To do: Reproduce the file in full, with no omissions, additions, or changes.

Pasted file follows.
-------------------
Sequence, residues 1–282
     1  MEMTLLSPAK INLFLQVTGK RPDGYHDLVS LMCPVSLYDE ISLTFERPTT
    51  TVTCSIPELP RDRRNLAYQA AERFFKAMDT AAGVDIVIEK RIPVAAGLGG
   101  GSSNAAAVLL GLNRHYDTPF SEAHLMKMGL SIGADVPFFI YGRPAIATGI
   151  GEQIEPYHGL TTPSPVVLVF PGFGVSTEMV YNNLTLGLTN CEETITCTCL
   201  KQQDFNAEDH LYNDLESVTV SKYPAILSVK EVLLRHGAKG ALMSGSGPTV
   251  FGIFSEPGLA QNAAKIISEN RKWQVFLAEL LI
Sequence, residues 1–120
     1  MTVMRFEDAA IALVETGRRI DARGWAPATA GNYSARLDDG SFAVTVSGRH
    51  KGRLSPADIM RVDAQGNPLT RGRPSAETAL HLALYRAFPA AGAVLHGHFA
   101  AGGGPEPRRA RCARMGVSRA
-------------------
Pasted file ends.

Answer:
Sequence, residues 1–282
     1  MEMTLLSPAK INLFLQVTGK RPDGYHDLVS LMCPVSLYDE ISLTFERPTT
    51  TVTCSIPELP RDRRNLAYQA AERFFKAMDT AAGVDIVIEK RIPVAAGLGG
   101  GSSNAAAVLL GLNRHYDTPF SEAHLMKMGL SIGADVPFFI YGRPAIATGI
   151  GEQIEPYHGL TTPSPVVLVF PGFGVSTEMV YNNLTLGLTN CEETITCTCL
   201  KQQDFNAEDH LYNDLESVTV SKYPAILSVK EVLLRHGAKG ALMSGSGPTV
   251  FGIFSEPGLA QNAAKIISEN RKWQVFLAEL LI
Sequence, residues 1–120
     1  MTVMRFEDAA IALVETGRRI DARGWAPATA GNYSARLDDG SFAVTVSGRH
    51  KGRLSPADIM RVDAQGNPLT RGRPSAETAL HLALYRAFPA AGAVLHGHFA
   101  AGGGPEPRRA RCARMGVSRA